These discussion notes were written by Pastor Jacob and used to lead the conversation on Sunday, April 26, 2020 during our virtual service of Worshipful Conversation and Fellowship. Feel free to use these notes to start a discussion with your small group, family, and/or friends. This conversation is based on a reading from Joel 1.
Finding a New Normal:
The Crisis Now
By Rev. Dr. Jacob W. Juncker
I spent the better part of the last few weeks searching the scriptures to try and find a biblical book or story that might ground our discussion about the current novel-coronavirus pandemic that has so drastically changed all our lives.
To be honest, it was tough going. While I won’t pretend to have perused all of the Bible in the last few weeks, I did search and skim and read significant hunks of it. The fact of the matter is, the Bible speaks nowhere of global pandemic. In a few places great sickness comes across the land, generally in a very localized context (think the plagues on Egypt), but the problem with those stories is that these sicknesses come at the direction of God. God causes the sickness.
In my own thinking about the current global pandemic, I refuse to believe that God has inflicted a sickness on our world that has, to date, infected over 2.9 million people and resulted in over 203,000 deaths worldwide including over 2,700 deaths here in Massachusetts.
It is inconceivable, to me, that the God who created and wills life would impose a global pandemic, sentencing death on thousands, to make some divine point.
For sure, there are people who believe this. There are those who believe that God is using this virus to cleanse the world of people who had it coming for one reason or another. Such thinking is
bullshit dangerous. I once heard it said that those who believe in hell often think they know who should go there. I think the same may be true of those who think that God works through global crises, including pandemics: if you think God works through divine retribution, harming people who have offended God, then you probably have certain people in mind who you think have offended God and stand under divine judgment.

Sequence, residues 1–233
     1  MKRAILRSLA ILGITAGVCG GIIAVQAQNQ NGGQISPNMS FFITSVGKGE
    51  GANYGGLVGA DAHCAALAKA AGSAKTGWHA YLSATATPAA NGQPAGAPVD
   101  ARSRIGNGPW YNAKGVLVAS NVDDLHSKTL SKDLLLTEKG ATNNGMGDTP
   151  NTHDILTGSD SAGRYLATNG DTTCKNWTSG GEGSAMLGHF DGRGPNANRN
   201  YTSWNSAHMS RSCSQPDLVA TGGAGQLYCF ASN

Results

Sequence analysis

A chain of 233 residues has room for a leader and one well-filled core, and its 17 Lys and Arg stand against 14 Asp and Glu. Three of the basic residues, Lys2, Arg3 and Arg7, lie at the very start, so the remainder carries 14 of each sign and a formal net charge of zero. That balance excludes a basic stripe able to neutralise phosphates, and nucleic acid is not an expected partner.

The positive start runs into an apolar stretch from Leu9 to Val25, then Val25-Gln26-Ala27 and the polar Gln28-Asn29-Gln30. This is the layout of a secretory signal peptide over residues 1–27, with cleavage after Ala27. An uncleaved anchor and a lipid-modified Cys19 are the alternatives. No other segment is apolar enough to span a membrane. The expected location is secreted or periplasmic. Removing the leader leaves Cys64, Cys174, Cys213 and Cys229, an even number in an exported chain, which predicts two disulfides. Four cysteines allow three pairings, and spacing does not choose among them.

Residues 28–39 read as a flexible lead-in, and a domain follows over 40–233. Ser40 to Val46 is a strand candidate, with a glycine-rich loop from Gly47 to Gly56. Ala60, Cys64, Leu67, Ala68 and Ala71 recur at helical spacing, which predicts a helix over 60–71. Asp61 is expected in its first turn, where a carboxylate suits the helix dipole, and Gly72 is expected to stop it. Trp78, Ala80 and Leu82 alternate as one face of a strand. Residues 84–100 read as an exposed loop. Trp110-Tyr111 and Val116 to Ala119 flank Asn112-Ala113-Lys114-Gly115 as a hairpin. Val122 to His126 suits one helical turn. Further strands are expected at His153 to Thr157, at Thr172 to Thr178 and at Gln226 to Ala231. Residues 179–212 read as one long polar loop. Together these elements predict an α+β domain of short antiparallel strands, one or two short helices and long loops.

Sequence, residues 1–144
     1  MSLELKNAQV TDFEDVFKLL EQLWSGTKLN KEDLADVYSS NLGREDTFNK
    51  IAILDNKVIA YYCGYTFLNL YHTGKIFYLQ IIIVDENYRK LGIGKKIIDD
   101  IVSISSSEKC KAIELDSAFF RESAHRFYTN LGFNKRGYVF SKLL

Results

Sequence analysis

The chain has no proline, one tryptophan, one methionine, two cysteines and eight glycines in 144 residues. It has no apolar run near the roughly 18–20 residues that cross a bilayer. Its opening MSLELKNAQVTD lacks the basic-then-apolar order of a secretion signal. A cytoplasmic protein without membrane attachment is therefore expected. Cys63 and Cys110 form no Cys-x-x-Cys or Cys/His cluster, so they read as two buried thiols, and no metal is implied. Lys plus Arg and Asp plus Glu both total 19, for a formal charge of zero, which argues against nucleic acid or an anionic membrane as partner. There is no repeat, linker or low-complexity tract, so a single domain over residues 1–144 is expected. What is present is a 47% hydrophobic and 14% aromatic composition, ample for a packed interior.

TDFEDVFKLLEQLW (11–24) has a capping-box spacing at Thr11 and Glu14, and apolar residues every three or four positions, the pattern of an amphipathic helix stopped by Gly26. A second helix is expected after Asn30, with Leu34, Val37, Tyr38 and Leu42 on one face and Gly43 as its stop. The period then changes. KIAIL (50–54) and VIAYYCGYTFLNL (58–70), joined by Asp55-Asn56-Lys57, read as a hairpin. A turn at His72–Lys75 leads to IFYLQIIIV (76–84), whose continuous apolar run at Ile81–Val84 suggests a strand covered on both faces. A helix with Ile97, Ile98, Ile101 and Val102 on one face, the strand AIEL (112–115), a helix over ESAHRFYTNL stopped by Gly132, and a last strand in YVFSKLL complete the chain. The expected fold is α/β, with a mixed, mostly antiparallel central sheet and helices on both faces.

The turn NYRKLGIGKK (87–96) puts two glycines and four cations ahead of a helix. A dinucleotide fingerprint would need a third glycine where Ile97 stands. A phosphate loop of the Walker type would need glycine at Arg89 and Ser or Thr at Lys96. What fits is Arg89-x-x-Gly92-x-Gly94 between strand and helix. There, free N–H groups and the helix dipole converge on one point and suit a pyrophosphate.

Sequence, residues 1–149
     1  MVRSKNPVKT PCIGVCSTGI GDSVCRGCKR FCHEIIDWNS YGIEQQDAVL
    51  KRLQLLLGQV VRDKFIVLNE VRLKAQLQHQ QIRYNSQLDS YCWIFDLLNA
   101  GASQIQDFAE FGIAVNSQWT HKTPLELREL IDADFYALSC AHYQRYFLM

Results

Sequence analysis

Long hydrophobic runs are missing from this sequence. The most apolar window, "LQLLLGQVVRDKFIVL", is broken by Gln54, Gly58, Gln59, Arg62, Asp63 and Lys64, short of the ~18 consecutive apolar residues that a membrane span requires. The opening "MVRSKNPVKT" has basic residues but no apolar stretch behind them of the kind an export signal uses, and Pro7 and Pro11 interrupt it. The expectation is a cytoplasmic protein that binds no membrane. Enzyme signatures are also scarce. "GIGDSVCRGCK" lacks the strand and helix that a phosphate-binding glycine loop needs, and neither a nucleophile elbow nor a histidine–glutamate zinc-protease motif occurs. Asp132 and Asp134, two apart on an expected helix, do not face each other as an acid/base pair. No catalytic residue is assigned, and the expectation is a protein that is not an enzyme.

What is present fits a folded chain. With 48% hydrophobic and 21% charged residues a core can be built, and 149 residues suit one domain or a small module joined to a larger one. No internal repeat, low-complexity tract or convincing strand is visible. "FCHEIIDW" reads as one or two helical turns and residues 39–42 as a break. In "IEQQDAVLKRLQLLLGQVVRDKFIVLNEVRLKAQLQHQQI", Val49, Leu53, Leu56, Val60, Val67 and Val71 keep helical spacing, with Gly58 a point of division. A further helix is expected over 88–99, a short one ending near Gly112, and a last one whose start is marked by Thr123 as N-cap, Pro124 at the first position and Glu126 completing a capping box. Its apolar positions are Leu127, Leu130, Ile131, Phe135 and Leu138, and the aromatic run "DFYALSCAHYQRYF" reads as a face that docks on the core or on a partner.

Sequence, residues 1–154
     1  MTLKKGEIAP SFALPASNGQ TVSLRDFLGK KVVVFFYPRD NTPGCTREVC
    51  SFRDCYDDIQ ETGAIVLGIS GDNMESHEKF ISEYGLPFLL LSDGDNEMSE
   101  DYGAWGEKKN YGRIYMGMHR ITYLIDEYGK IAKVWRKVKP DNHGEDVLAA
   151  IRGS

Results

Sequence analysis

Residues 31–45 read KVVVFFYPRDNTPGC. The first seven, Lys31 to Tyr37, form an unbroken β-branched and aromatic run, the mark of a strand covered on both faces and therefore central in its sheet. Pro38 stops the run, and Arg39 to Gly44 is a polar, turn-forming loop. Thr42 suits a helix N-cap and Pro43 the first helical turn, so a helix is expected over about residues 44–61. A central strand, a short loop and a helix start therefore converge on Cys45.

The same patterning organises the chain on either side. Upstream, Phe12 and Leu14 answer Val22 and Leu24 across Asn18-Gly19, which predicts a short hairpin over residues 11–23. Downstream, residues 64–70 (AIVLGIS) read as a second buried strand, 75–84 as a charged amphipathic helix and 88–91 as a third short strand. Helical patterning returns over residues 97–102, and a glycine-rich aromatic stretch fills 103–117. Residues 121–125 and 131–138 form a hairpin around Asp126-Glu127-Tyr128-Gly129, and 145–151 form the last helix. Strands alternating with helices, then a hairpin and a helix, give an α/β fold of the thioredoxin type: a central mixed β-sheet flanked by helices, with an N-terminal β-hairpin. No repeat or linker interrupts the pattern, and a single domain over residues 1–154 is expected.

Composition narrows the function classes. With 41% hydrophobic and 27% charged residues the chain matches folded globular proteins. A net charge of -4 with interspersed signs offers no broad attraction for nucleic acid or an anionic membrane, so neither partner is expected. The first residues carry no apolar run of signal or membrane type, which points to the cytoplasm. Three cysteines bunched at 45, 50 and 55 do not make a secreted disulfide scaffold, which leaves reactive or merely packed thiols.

Let me be clear—I do not believe that God has caused the current global pandemic. I do not believe that those who have died have offended God any more than I have. And, I do not think that we, as people of faith, should try to be reading into this global pandemic some sort of divine judgment or apocalyptic end. Such thinking is bullarkey.
So what, then, are we left with? How can we understand what’s going on?
It is at this point that I thumbed through and found the book of the prophet Joel. Joel’s writing is found in the part of the Hebrew scriptures known as the Twelve Prophets, or the Minor Prophets. It was written approximately 2,500 years ago (between 500 and 350 BCE) and is comprised of a series of poetic oracles. Unlike other prophets in the Hebrew canon, Joel leans heavily upon a wide array of Hebrew prophets and writings using images and phrases from Obadiah, Malachi, Isaiah, Ezekiel, Zephaniah, Nahum, Exodus, and others.